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How to tackle workplace gossip: A guide for HR professionals


We’ve all participated in workplace gossip. The flu Helen called out sick with last week was actually a hangover; Jason in marketing yelled at the intern, and now everyone’s afraid of him. It’s harmless idle chit-chat. 

Well. Mostly. 

Helen’s embarrassed and angry; people don’t want to work with Jason. But this is part of office life, right?

Not necessarily.

With toxic work environments fueling the Great Resignation, organizations need to work harder to promote healthy, positive communication among employees and to curb malicious gossip in the workplace.

In this blog, we explain how to handle gossip in the workplace as a manager – when it’s good, when it’s bad, and how to keep gossiping in the workplace from driving out good employees.

What is workplace gossip?

The study that has the most informed research into workplace gossip was a 1991 paper on gossip behaviors among teenagers. In this study, researchers defined gossip as “evaluative talk about a person who is not present.”[1]

The key element here is “evaluative.” Gossip generally contains a judgment or has the purpose of informing someone’s judgment. 

For instance, saying to a colleague, “Sandra’s been off with flu this week,” would not qualify as gossip, but, “Sandra’s been out sick a lot lately,” would. 

The former is a neutral statement; the latter implies a judgment. What is unspoken is Sandra has been calling out sick too much, perhaps not for good reasons.

Gossip in the workplace might take place in person around the proverbial water cooler or online over social media or instant messaging channels like Slack. 

But is gossip always harmful?

Is gossip in the workplace always bad?

Gossip in the workplace is usually framed as petty and spiteful. However, research has shown even negative gossip can come from (somewhat) honest intentions. For instance:[2]

  • Socializing: The key function of gossip is to build connections and networks with colleagues.

  • Increasing interpersonal influence within teams: Providing gossip can be a way for employees to improve their standing in their team.

  • Risk assessment: Employees might turn to the grapevine to find out if they’re on the chopping block during layoffs.

  • Validating emotions: Venting to a colleague can help employees assess if their grievance is reasonable.

  • Assessing whether they are being treated fairly by their employer: Gossiping about salaries can help employees judge the fairness of their own wages.

  • Self-evaluation: Employees might use gossip to evaluate their own performance in comparison.

Researchers also found outright negative uses of gossip. These included employees with low self-esteem using gossip to compare themselves favorably with a colleague, or spreading negative information about a team member who violates group norms.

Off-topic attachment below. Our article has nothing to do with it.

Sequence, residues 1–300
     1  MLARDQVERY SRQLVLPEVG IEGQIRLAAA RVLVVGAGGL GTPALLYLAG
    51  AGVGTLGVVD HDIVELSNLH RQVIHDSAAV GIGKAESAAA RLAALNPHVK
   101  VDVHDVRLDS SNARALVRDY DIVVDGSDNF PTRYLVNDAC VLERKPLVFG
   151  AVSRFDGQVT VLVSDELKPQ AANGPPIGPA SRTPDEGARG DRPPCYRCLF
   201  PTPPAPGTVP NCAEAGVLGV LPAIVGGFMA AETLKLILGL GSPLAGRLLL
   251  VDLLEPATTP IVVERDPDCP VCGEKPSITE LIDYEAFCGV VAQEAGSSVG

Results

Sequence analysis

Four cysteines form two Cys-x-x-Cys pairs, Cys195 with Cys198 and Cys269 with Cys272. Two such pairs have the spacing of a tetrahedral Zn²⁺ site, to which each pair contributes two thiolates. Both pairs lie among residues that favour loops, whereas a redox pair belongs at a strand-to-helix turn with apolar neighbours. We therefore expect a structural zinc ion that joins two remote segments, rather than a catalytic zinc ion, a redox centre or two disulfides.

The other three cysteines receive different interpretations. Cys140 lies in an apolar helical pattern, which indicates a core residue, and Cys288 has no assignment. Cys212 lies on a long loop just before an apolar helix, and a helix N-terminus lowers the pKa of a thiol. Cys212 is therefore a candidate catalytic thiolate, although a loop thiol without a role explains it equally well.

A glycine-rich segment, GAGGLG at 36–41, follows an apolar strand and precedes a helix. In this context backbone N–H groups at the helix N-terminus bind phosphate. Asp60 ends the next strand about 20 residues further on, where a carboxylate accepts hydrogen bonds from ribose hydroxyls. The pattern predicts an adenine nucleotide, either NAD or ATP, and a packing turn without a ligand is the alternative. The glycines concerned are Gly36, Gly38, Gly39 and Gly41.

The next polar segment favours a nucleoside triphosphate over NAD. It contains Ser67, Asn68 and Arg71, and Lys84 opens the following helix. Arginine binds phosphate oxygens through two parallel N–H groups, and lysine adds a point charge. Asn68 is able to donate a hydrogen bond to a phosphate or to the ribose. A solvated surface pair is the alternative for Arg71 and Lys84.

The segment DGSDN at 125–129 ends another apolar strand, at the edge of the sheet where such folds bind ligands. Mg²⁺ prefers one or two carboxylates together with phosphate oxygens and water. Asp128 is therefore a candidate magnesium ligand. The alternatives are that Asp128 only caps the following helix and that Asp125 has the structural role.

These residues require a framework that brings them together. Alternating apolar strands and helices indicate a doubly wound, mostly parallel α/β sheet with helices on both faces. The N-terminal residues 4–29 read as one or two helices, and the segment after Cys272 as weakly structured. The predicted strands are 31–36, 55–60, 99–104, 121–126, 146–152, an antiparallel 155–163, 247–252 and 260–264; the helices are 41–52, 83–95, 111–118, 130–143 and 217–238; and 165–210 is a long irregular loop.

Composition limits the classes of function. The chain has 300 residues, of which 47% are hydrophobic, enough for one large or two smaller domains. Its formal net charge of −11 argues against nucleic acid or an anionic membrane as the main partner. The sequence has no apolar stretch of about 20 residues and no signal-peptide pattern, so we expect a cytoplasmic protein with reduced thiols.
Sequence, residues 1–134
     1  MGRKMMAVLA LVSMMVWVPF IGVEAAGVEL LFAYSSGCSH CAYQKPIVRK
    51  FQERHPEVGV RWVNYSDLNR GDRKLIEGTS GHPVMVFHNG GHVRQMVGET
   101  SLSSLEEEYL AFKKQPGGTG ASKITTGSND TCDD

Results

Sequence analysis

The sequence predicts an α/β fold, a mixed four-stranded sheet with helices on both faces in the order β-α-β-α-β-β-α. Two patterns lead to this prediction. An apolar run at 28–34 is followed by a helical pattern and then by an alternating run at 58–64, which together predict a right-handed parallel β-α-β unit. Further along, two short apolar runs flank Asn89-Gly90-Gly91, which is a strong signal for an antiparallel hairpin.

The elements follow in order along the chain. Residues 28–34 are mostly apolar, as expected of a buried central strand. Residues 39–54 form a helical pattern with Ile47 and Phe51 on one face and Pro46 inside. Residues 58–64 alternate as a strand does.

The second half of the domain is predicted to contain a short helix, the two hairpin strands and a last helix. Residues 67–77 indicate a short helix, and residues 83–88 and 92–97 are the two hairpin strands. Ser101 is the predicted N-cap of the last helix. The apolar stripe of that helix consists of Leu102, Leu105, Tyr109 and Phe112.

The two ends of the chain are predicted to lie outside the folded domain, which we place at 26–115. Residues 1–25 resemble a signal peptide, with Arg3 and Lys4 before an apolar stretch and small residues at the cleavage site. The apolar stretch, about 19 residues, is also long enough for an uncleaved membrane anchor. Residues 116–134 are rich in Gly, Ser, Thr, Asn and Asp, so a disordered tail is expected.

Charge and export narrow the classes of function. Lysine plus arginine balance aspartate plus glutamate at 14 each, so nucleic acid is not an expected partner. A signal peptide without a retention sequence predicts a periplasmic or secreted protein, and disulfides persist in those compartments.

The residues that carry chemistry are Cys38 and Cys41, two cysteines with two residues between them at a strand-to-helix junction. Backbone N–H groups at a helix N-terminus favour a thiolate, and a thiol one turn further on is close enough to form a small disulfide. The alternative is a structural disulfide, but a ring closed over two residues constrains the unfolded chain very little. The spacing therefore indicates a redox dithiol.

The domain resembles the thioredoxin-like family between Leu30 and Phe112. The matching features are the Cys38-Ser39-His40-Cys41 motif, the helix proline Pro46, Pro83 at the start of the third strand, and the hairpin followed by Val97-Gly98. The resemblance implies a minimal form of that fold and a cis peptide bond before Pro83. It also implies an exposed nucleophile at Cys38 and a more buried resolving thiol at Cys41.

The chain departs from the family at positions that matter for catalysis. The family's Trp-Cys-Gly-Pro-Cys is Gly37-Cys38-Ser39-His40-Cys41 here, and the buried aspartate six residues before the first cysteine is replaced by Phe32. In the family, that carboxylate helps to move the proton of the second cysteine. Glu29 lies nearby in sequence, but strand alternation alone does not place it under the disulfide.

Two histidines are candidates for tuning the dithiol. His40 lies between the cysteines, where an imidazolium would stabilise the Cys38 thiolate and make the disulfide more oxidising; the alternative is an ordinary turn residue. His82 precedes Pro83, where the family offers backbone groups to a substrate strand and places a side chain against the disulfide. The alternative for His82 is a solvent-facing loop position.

However, their research proves gossip is not always ill-intentioned. It’s not only the intentions behind gossip that can be positive; the outcomes can be, too.

Six benefits of gossip

For individuals, gossiping at work can, depending on the “quality” of the gossip itself, help increase the perception of the gossiper’s trustworthiness. It may even have a similar effect on the person hearing gossip if they cooperate.

It can also have a wider positive impact, particularly when the gossip is positive. 

An example is discussing how good someone is to work with or celebrating their promotion (“I’m excited Gavin’s department head now”) compared to malicious gossip (“Gavin must have bribed the boss to get that promotion”).

Positive gossip has been seen to promote innovation in employees and decrease “social loafing” in teams.[3] It can even increase job satisfaction thanks to the social cohesion and sense of trust positive gossip can create.[4]

How to spot workplace gossip

Workplace gossip isn’t hard to identify when you see it in an in-person office. Because it cannot, by definition, take place in the presence of its “target,” it’s likely to be conducted in hushed tones in a small group.

It’s also most likely to happen in informal spaces where employees take breaks, like the communal kitchen or breakroom. 

It gets slightly harder to spot in the digital workplace because the places people congregate are out of sight to you unless you’re “in the loop.” Private Slack messages or email threads are common sites for virtual gossip in the workplace.

The impacts of negative gossip in the workplace

We’ve discussed the effect positive gossip can have in teams, but what are the negative effects of gossip? 

Here are the five key impacts.

It strains team trust 

When it’s common for employees to circulate malicious gossip in the workplace, it erodes the mutual respect necessary between colleagues for teams to function well.

This is true both on behalf of the target of gossip and the gossip-spreaders. The target might (understandably) feel excluded from their teams. Gossip-spreaders might not trust their colleagues, and, by spreading negative gossip, they contribute to the breakdown of trust in the workplace.

It promotes cliques

Gossip of all types promotes social cohesion, but while positive gossip can create a sense of solidarity, negative gossip and secrecy allow cliques and divisiveness to form.

Research has shown cliquey offices contain more workers who gossip, with more time each day dedicated to gossiping: